Sri Lankan President Maithripala Sirisena announced that he signed death warrants for four drug offenders, a move that would end the island’s 42-year-old moratorium on the death penalty/
The executions, if they do take place, will be the first in the country since 1976. The announcement was met with both local and international condemnation, with human rights organizations and activists urging the president to reconsider his decision, to no avail.
As it stands, Sri Lanka retains the death penalty within its legal system. Capital punishment was abolished and then reintroduced after the country gained independence until the new constitution decreed that executions should be decided by a trial judge, authorized by the attorney general and minister of justice and ratified by the president, which effectively put an end to the implementation of capital punishment.
Former President Chandrika Kumaratunga attempted to reintroduce the death penalty in the mid-2000s, eventually yielding due to strong public sentiment against it.
Public opinion does not seem to have changed since. Protests have been held in objection to the president’s decision, and countries like the United Kingdom warned of severe consequences should Sri Lanka resume executions.
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Sirisena, however, remains undeterred, going as far as to state that those opposed to the decision were “aiding and abetting the drug traffickers.”
Sirisena’s resolve to crack down on drug dealers was inspired in part by Philippines President Rodrigo Duterte, whose war on drugs has resulted in an average of 33 people being killed daily in the country since he came to power in July 2016.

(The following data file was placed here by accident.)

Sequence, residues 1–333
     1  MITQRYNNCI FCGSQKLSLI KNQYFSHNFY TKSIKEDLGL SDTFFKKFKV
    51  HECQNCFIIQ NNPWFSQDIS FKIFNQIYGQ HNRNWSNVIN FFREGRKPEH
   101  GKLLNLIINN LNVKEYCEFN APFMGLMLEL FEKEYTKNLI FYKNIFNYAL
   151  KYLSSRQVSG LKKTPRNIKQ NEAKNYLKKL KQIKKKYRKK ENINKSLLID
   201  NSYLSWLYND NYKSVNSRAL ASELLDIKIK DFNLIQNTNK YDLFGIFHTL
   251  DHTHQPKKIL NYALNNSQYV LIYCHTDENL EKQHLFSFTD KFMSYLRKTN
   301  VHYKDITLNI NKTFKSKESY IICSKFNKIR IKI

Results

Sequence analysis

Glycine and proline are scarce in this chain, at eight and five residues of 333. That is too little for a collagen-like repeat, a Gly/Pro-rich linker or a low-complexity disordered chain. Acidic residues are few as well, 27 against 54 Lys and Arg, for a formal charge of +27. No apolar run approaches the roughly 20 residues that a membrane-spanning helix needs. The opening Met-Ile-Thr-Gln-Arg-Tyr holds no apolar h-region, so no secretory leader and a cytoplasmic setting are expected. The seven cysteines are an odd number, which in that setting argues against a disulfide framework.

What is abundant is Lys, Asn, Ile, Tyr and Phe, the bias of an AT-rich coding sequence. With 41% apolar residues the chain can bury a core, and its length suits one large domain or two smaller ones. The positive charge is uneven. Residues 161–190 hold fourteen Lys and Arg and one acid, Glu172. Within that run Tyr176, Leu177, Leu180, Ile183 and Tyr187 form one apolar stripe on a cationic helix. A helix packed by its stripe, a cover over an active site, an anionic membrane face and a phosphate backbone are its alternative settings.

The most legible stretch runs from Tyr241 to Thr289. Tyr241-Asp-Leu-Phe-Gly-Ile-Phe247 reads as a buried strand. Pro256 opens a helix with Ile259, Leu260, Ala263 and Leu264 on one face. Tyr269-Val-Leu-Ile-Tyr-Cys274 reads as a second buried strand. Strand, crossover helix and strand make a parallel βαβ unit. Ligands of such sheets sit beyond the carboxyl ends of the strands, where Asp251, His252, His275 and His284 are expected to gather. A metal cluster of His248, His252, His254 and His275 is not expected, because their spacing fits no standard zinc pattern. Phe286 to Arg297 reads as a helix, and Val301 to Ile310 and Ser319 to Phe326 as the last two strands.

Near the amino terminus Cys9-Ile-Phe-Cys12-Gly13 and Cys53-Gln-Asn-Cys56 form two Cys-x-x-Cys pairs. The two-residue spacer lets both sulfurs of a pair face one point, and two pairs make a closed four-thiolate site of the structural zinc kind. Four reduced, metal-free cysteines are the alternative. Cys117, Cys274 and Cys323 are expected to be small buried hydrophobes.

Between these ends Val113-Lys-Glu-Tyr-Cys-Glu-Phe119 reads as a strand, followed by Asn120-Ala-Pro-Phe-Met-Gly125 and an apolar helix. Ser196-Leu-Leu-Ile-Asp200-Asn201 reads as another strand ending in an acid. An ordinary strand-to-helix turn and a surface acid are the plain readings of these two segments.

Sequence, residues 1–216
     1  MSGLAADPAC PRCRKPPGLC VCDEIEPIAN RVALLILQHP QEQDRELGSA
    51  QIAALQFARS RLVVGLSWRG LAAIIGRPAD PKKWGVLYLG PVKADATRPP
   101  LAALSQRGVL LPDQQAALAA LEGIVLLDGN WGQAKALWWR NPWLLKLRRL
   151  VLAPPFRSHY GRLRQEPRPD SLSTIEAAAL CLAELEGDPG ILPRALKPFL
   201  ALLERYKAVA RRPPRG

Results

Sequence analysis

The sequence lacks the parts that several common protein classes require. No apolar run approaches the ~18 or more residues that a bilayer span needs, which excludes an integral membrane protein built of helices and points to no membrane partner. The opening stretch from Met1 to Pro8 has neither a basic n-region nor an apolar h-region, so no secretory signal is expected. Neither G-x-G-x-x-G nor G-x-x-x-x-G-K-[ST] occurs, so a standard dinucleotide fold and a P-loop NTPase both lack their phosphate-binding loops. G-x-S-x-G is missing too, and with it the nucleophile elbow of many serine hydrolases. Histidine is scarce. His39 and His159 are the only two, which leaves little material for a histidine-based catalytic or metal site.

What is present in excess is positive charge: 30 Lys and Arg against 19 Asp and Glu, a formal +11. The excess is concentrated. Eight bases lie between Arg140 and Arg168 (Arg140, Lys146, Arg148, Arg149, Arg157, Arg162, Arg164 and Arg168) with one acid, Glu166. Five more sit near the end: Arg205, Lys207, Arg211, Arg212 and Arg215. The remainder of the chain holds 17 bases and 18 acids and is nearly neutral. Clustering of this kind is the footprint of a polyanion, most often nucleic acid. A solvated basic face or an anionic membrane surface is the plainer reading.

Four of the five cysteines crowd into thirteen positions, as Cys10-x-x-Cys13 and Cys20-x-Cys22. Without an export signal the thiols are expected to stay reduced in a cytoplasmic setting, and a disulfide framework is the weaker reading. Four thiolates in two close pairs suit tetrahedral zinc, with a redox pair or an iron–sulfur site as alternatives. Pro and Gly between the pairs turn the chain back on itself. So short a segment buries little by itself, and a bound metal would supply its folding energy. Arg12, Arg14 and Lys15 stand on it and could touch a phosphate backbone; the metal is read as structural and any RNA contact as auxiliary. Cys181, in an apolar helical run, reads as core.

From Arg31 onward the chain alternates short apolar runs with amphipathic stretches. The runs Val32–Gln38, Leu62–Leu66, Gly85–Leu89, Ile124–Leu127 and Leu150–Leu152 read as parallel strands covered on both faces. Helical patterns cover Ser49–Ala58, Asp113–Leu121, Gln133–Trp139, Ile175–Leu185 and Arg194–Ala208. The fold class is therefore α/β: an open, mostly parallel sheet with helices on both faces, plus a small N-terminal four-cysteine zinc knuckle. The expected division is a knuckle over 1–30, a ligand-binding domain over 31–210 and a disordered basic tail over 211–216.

Duterte’s brutal campaign, which Sirisena has praised, has been accused of grotesque human rights abuses and his policies have targeted the most vulnerable communities in the Philippines. A war on drugs was a prominent part of Sirisena’s manifesto upon his election in January 2015.
While his initial campaign against drugs was successful, the government is yet to invest in a dedicated drug rehabilitation program, an endeavor that is unlikely to occur with the president’s term likely ending later this year.
Only six months ago, Sri Lanka voted in favor of a global moratorium on the use of the death penalty at the UN General Assembly. Last week, Sirisena said he rejected U.N. Secretary-General Antonio Guterres’ appeal to reconsider his decision.
Nevertheless, he faces a number of legal obstacles in his pursuit of reinstating the death penalty. As many as twelve petitions have been filed in the Supreme Court challenging the recommencement of executions.
The attorney general, commissioner general of prisons, minister of justice and the superintendent of the Welikada Prison have all been named as respondents in these petitions.
The Supreme Court on July 5 issued an interim order against the implementation of the death penalty, ordering that no executions be carried out until October 30. Whether a misguided ploy at gaining votes come election season or a last-ditch attempt at cementing a legacy, Sirisena’s demand will not come easy — if it comes at all.